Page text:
Staff Photo: Brendan Sullivan Gwinnett Braves Sports Turf Manager, Chris Ball paints the first base line at Coolray Field in Lawrenceville prior to a Gwinnett Braves game earlier this season. Ball is in his first year with the Gwinnett Braves and is responsible for maintaining the playing surface of Coolray Field.
LAWRENCEVILLE -- A nickname like Butter isn't easily lost, or forgotten.
Chris Ball wasn't yet 6 years old when a friend, with a much more forgettable name, dubbed him Butter during a backyard game of football. Or was it kickball? Even Ball doesn't remember. But he remembers the name.
"It wasn't because I dropped a pass or the game-winning catch. It just happened," Ball said. "Now it's on my business card."
Butter followed Ball from that early age through high school to college and into his career as a groundskeeper.
So now with Ball come three things: Hogan, his dog, Butter, his name and green grass, his profession.
This is his first year caring for the grounds at Coolray Field and as the heat of July turned to this cooler August and the field once again suffered the beating of a midsummer concert, the grass, in both fair and foul territory, sparkles green. The consistency of the turf, its green color is a first for the ballpark at this time of year. Previous seasons have seen chunks of dead turf, squares of sod, a worn path from the mound to the plate as if pitchers were bowling rather than throwing. Even the patches blend well.
It's still a work in progress. The aesthetic improvements come first, but they mask an outfield with plenty of soft patches that make balls in the outfield a challenge to approach and even tracking fly balls is tougher. The infield dirt also draws some player complaints.
But after every game, the crew is back on the field, pounding in the dirt, mowing, watering. From above, the field looks as green as any groundskeeper can hope.
In a career spanning ballparks in North Carolina, Pennsylvania and South Carolina, Ball has built a reputation for fields green and healthy, turning a failed playing career into an award-laden job keeping him around baseball and away from an office.
"Being able to come to the ballpark every day for your job is really a lot of fun," Ball said. "I couldn't spend eight hours a day on the phone or behind a computer screen. To be able to be outside, have great equipment. It's really awesome."
From 2006 to 2010 at Myrtle Beach, Ball earned five consecutive Carolina League field of the year awards and he was twice (2007, 2010) given the national Class A turf manager of the year honor. He worked for Gwinnett Braves General Manager North Johnson while in Myrtle Beach and credits his long-time employer with allowing him success.
"It's the management that allow you to do what you need to do to manipulate the field," Ball said of his accolades. "It's a living, breathing thing and you have to manipulate it to its needs everyday, every week, every month, every season. To be able to do that without just constant scrutiny is great. There are guys with my job that every two minutes people are asking them, 'What are you doing?' That's what's so great about North and the whole ownership group. If we need something to make it a great product then we have the ability to do that."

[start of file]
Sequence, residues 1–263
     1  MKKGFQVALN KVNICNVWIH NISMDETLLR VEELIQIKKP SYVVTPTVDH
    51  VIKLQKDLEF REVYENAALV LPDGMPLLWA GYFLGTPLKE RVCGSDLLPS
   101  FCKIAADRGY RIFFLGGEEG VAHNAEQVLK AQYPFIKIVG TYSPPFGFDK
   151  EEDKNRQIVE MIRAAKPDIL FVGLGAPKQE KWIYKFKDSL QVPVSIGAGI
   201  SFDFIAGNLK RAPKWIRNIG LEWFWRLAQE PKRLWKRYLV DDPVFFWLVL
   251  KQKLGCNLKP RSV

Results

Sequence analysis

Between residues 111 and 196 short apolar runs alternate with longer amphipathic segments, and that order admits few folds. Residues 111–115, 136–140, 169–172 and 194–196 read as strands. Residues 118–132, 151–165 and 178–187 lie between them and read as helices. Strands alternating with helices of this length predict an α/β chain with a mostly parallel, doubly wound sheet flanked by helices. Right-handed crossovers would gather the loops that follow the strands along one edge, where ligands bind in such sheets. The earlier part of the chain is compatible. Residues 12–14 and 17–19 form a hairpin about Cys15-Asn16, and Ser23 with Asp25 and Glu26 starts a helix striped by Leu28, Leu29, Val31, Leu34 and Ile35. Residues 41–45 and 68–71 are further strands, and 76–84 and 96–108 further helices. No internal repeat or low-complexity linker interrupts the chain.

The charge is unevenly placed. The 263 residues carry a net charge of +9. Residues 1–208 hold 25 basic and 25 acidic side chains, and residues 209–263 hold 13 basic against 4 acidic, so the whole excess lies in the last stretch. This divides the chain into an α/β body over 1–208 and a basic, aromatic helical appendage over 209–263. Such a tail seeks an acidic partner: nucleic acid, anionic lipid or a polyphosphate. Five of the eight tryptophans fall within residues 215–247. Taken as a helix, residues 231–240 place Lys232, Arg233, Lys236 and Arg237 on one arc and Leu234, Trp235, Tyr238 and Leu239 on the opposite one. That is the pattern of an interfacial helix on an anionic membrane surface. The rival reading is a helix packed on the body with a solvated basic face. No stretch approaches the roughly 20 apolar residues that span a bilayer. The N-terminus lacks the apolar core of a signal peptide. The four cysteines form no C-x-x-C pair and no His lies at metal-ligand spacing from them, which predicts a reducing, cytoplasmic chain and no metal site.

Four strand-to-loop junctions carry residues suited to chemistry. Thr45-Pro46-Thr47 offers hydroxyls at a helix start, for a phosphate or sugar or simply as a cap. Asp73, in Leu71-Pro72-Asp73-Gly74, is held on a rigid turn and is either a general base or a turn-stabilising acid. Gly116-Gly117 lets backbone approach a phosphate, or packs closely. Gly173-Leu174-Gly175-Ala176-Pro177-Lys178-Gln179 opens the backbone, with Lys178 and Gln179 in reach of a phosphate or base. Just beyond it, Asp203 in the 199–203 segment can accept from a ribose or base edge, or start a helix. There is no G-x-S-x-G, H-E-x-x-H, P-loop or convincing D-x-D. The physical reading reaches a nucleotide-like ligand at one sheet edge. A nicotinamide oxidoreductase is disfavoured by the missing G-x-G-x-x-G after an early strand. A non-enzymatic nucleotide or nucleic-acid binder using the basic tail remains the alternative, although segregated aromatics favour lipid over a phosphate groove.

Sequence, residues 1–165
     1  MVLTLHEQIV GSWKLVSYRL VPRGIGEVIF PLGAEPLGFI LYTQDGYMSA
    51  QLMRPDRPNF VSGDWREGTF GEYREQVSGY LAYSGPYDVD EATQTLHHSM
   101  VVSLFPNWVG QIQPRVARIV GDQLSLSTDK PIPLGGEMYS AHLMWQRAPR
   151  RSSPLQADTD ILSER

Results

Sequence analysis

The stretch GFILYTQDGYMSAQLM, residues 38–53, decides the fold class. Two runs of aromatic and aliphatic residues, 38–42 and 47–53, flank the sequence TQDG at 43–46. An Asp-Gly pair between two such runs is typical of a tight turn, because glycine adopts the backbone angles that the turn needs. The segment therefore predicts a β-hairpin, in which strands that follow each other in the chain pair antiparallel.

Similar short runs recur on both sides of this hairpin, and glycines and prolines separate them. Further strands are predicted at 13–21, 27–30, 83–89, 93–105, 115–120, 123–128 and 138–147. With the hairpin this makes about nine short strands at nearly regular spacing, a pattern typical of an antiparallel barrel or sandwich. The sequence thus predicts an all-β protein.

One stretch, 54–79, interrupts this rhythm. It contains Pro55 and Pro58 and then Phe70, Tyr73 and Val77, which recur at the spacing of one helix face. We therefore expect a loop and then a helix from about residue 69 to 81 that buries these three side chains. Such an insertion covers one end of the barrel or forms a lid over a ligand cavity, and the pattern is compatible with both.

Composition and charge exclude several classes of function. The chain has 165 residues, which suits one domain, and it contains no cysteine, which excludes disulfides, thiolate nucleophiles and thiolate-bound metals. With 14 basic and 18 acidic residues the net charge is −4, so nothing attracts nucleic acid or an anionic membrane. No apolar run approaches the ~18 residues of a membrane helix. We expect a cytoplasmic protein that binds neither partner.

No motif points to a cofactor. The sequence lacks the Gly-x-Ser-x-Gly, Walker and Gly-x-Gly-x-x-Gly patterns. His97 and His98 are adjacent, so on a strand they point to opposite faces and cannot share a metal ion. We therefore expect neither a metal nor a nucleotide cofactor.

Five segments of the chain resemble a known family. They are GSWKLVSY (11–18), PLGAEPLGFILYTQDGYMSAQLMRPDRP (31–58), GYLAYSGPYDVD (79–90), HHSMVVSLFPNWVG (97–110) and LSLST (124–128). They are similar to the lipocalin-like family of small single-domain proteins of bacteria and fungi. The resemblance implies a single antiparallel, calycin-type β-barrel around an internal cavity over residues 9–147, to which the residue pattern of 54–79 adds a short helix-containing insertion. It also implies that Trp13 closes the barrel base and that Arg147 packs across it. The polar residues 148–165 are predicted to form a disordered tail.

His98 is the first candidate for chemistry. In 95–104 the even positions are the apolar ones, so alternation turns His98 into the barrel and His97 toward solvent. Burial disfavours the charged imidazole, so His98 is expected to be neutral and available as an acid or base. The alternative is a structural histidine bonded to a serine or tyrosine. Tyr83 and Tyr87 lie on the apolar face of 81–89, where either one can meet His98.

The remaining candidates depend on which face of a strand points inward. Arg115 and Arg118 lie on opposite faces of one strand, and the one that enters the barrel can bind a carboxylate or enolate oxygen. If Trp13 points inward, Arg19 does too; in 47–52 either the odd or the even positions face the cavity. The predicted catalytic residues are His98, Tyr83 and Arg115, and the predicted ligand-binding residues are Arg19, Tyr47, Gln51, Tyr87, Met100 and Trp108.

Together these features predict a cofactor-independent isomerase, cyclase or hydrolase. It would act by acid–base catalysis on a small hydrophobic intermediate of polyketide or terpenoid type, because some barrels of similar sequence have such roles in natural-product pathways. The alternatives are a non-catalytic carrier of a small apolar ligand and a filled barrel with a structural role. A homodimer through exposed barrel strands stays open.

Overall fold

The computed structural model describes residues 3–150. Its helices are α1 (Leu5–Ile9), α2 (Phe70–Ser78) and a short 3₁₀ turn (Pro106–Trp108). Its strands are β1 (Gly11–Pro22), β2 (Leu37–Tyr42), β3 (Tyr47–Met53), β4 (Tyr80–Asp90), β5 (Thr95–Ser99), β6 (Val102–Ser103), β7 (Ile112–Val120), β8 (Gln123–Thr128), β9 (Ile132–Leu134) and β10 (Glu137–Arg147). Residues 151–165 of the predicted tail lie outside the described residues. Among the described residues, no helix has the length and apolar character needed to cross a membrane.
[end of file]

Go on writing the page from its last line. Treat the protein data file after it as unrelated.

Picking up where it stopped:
Johnson hired Ball as an intern in Kinston, N.C., in the mid-1990s. He was a ballplayer turned student assistant at UNC Greensboro and started working in the dirt preparing the field for practice. He kept working in the dirt, eventually getting a job with the minor league team in Harrisburg, Pa. Ball worked there for two seasons, but the pull of the South drew him to take a job selling chemical and lawn fertilizer in Greensboro and from there he ended up at Myrtle Beach as the groundskeeper. Nine years later, he, and Hogan, moved to Gwinnett.
"It's a step up. It was time to move personally and professionally," Ball said. "That place holds a special place in my heart and it still does.
"But to be able to come to this area, still being in the South in the Bermuda grass area, it was a perfect fit."
Ball spent this season learning the different challenges of the grounds at Coolray. The dirt is different, the sun is blocked from much of the field early in the day, the stadium uses reclaimed water. He changed the dust to brick dust along the track and baselines; they use more walk-behind mowers. Like baseball players, he does the same things every day and makes adjustments constantly. He calls other groundskeepers in baseball and golf for help. He reads. He studies. The redhead keeps cans upon cans of sunscreen handy. He waters the field and tests the soil.
And the next day, he does it again.
"It is a, not that Myrtle Beach wasn't a high-profile stadium. I mean, this is a triple-A park, you've kind of got to be on your game," Ball said. "I still don't know what to expect. What all my issues are going to be. I am still learning every day. You constantly learn every day; seeing how the grass reacts, how the dirt reacts.
"It is Groundhog Day. It's Groundhog Day every day."